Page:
Some investors gloss over the "exchange-traded" in "exchange-traded fund," failing to understand or appreciate those two words and the implications of investing in a fund that trades like a stock. The exchange-traded nature of these funds is increasingly taken for granted, as many of the largest ETFs trade at tight spreads in very narrow bands around their net asset values through most market conditions. But not all ETFs are created equal from a liquidity perspective, and investors shouldn't take ETFs' liquidity for granted. In addition, the market mechanisms that underpin the ETF ecosystem have experienced hiccups of varying magnitude, ranging from the "flash crash" in 2010 and the early-morning meltdown witnessed on Aug. 24, 2015, to more sporadic episodes of lesser scope and impact. These events have served as painful reminders of why investors should exercise caution when buying and selling ETF shares.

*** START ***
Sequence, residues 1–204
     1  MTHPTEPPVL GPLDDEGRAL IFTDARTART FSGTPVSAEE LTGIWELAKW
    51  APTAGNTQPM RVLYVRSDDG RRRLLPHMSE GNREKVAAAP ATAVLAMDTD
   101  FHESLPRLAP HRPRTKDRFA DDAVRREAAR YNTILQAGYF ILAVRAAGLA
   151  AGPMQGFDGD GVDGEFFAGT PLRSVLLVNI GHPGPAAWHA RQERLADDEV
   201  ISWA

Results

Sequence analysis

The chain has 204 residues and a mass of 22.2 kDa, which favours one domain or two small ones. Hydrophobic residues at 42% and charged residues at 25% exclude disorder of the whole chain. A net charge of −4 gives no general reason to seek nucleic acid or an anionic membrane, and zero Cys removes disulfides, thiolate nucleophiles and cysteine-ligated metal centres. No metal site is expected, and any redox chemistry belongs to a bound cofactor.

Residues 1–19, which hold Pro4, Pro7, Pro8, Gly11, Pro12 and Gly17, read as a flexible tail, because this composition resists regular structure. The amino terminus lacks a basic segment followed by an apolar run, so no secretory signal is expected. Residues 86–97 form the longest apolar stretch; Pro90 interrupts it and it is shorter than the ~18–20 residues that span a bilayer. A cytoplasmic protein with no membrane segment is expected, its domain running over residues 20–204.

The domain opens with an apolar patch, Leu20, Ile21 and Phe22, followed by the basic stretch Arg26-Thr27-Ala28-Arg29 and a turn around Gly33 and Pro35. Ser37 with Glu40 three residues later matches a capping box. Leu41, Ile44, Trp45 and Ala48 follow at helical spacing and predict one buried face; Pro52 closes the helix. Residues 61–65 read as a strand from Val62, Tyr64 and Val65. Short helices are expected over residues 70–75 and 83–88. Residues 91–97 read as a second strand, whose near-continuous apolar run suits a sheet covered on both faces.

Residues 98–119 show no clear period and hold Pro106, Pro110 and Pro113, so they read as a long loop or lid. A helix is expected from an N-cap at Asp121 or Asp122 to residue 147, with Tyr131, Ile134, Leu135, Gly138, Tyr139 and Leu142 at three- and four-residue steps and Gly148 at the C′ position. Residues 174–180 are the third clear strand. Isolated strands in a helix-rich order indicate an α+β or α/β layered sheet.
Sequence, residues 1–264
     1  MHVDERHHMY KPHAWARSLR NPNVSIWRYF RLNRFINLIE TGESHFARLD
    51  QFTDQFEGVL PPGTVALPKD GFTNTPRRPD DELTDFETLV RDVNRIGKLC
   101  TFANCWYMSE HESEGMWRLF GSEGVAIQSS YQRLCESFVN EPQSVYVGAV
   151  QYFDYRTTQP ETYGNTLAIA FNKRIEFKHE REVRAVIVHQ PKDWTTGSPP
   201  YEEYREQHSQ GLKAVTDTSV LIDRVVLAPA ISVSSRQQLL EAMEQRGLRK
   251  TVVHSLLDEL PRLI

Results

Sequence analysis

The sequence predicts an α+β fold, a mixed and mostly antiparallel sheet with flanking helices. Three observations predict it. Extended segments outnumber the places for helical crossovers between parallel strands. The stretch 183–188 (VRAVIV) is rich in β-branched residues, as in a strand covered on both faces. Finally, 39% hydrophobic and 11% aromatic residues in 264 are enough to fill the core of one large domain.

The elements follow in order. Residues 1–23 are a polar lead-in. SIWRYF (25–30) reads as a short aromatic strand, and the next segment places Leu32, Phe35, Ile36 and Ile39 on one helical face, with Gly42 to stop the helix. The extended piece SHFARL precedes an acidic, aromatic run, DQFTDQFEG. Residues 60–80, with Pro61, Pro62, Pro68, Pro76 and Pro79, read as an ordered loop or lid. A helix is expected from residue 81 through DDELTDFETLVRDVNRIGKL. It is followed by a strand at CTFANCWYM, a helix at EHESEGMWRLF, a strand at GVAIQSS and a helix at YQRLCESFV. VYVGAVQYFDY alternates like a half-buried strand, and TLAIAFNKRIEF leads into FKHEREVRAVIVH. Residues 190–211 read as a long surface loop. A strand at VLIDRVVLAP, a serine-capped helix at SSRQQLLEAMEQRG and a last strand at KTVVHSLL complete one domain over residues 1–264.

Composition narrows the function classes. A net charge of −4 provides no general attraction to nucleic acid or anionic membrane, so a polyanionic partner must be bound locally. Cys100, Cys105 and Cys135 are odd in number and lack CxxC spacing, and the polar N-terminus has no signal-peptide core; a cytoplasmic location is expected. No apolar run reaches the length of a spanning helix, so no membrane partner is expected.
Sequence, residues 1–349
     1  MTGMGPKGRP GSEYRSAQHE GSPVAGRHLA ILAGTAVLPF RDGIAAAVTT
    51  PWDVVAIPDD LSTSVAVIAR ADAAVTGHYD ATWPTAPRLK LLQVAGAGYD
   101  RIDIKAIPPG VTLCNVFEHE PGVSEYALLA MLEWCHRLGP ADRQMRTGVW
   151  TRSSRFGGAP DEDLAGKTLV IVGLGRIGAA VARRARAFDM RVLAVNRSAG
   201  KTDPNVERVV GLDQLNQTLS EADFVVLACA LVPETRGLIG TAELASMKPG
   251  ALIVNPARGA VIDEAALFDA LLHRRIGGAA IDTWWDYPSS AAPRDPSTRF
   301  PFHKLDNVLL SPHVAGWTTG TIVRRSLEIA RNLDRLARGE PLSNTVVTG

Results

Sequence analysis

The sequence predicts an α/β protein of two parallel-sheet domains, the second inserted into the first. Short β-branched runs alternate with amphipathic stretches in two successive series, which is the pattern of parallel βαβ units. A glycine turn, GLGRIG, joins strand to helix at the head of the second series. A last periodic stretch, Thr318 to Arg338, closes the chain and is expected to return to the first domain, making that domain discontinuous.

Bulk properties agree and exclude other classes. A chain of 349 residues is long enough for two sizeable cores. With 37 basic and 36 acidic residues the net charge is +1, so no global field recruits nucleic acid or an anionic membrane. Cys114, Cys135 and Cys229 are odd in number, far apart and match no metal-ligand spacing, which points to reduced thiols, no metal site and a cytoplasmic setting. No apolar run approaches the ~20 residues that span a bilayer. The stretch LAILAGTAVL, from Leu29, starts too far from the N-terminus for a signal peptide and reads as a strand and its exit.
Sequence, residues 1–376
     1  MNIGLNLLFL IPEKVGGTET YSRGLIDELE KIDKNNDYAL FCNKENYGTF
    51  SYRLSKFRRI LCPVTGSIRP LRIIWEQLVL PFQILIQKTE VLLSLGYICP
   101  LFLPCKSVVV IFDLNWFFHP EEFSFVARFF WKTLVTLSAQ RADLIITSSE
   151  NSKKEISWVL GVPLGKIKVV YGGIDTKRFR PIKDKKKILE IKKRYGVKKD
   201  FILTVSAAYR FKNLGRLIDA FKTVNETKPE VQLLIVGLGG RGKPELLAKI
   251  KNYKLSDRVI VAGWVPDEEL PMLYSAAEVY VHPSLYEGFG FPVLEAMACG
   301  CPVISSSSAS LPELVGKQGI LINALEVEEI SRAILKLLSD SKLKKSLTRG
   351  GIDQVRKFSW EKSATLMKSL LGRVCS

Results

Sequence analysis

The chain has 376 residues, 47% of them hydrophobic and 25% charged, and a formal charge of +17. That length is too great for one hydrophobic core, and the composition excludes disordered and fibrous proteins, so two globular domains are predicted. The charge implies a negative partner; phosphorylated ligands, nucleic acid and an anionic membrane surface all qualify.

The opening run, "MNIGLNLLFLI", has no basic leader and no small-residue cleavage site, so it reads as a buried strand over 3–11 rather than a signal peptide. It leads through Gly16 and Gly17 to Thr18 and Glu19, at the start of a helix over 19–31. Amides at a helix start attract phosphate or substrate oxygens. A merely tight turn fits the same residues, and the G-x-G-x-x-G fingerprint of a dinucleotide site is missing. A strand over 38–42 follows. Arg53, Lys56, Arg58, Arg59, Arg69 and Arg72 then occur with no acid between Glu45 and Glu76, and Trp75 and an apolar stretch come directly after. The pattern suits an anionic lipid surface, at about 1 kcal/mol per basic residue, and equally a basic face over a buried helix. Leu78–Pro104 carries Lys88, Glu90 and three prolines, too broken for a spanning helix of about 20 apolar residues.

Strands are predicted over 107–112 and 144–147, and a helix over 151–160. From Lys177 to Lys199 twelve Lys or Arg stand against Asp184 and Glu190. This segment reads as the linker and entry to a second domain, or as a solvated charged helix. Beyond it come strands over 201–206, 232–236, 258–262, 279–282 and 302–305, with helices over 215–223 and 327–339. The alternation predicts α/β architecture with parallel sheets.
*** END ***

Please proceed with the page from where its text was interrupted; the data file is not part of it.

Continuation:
With market volatility back on the rise, now is a good time to brush up on what constitutes good hygiene when transacting ETFs. Here, I provide five tips on how to best trade them.
Ben Johnson, CFA does not own shares in any of the securities mentioned above. Find out about Morningstar's editorial policies.